16. Turn Taking Games. Kids love to play games, and getting them involved in ones that require them to wait until it’s their turn can be a great way to teach self-control. Some of our family favorites include Pop the Pig, Toilet Trouble, Don’t Wake Hank, and Lil’ Lemonade Stand-Off.
17. Create a Reward System. Sticker charts are a simple, yet effective, form of positive reinforcement that can be extremely motivating for kids, and I love this Magnetic Reward and Responsibility Chart as you can easily customize it for your individual child. It’s important to note that teachers aren’t always fond of using this technique in the classroom as it involves rewarding students for doing what is expected, but it’s a great tool to use at home!
18. Create a Calm Down Box. Another way to teach children self-control is to ensure they have tools readily available when big emotions strike. Fidget toys, squeeze balls, and chewing gum are all great classroom-appropriate ideas that can help reduce feelings of anxiety and restore a sense of calm.
19. Hide and Seek. Yes. A good ‘ole fashioned game of hide and seek in your backyard or at your local park can teach kids self-control. Staying completely silent while hiding isn’t easy, and maintaining your composure when you’re ‘IT’ and can’t find anyone can be pretty challenging as well.
20. Hot Potato. We used an actual potato to play this game when I was a kid (I’m old), but I recently found a Hot Potato Game on Amazon, complete with silly sounds!!!
22. Don’t Laugh. A friend of mine does this ALL THE TIME with her daughter, and it’s a real hoot. They take turns trying to make the other person laugh. They aren’t allowed to touch each other and must maintain eye contact, and it is HILARIOUS to watch both of them in action.
23. Twister. Twister is a great game to help develop a child’s gross motor skills and work cooperatively with his or her peers, and it also offers a way to teach self-control. Don’t own the game? You can buy the classic Twister set here.
24. Self-Control Circles. If you’re in search of some calming, zen-like activities to teach your kids how to distinguish between the things they can and cannot control, this self-control circle craft on Teachers Pay Teachers is fr you!
25. Read. There are lots of great children’s books that are fun to read AND touch on the topic of self-control. Our favorites are No, David!, My Mouth is a Volcano, I Just Want to Do It My Way!, and I Can’t Believe You Said That!.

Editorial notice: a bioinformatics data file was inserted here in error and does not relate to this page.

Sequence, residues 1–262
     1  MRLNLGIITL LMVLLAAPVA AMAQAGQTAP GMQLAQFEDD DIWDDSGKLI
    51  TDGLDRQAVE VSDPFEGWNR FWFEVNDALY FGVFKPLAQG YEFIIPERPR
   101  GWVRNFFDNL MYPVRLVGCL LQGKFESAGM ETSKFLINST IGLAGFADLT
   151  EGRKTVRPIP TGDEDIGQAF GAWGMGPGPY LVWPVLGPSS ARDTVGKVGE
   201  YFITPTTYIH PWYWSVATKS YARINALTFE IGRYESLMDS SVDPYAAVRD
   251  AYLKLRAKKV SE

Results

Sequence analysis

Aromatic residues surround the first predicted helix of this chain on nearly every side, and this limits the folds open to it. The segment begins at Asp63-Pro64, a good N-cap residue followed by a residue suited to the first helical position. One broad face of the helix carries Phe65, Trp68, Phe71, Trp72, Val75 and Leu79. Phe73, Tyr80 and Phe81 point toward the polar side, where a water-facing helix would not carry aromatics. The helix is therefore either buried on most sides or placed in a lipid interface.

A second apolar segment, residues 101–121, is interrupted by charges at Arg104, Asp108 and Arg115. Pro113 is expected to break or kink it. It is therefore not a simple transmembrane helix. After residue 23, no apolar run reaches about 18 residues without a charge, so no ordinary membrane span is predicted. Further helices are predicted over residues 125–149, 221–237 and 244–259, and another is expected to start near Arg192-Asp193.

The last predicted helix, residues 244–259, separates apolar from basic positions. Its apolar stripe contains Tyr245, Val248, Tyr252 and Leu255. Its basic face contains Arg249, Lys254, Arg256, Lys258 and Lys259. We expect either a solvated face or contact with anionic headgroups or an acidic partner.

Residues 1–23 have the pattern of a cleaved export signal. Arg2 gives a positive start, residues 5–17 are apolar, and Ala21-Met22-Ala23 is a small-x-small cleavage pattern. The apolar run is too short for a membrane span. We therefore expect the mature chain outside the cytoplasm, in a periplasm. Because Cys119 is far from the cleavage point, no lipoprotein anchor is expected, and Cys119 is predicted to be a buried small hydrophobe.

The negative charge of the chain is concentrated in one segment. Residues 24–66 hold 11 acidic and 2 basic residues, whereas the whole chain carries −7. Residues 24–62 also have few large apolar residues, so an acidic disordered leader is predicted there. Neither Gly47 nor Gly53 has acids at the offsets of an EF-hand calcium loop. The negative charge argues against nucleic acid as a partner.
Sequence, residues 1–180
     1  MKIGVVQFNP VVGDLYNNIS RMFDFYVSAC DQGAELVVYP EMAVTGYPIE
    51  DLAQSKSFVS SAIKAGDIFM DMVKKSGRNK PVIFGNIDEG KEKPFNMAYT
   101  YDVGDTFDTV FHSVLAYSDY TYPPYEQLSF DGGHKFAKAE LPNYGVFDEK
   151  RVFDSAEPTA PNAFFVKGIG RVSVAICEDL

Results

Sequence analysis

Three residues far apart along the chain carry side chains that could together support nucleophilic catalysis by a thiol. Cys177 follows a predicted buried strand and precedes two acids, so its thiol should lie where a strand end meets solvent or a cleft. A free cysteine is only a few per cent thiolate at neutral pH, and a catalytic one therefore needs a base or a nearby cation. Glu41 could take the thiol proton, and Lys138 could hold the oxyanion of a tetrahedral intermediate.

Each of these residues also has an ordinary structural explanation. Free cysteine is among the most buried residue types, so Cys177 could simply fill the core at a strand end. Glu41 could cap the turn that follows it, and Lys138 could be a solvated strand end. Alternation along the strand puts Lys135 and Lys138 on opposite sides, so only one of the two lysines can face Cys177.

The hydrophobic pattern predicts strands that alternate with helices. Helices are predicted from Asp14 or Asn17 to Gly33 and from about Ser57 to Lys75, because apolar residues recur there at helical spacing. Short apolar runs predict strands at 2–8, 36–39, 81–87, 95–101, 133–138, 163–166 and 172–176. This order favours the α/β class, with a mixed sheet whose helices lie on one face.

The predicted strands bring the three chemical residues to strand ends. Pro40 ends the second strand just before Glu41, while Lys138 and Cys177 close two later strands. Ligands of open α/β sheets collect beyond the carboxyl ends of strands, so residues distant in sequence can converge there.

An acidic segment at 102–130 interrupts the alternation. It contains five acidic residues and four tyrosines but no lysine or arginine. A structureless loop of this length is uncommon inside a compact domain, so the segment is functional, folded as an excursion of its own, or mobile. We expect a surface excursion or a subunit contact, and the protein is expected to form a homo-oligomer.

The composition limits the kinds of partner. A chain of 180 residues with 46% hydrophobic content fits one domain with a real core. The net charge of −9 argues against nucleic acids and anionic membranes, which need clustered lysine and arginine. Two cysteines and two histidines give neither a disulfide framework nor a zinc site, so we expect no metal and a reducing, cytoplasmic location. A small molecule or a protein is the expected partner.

26. Playdough. Engaging in a good sensory activity with your child can help calm even the biggest emotions, while also offering an opportunity to talk with your child, get a sense for his or her feelings, and brainstorm better behaviors to use in the future. I’ve always found playing with playdough to be relaxing, but coloring is pretty high on my list as well!
27. Guided Meditation. There are so many great (and free) guided meditation clips available on YouTube. Here’s one of my favorites!
28. Control-O-Meter. Originally designed to help kids with autism gain better control of the loudness of their voices, this Control-O-Meter by Autism Teaching Strategies can be used to help with various behavioral and self-control challenges.
29. Self-Control Bubbles. Love, Laughter, and Learning in Prep has a great self-control game that uses nothing more than a bottle of bubbles. Check it out HERE!
30. Jenga. Ah, I love Jenga! It requires great skill to remove and place blocks on the top of a tower, but what few people realize is that it also takes a lot of self-control for impulsive children not to knock the tower down while playing!
Learning how to teach children self-control before they enter school – and continuing to do so as they learn and grow – can have a huge impact in helping them develop the self-discipline and self-regulatory behavior strategies they need to cope and learn in the classroom (and beyond). The more you focus on helping your child learn the art of self-control, the more you are setting him up for long-term success with his eduction, career, and personal relationships. It may seem daunting at first, but using positive reinforcement, following through with rewards and consequences, modelling good self-regulatory behavior, and getting your children excited about some of the self-control activities for kids noted above will give you the foundation you need to give your little ones a good head start.
This post contains affiliate links.
If you found our strategies to teach children self-control helpful, please share them on Pinterest!
And if you’re looking for more parenting tips and tricks, please follow our parenting board where we share all kinds of fabulousness!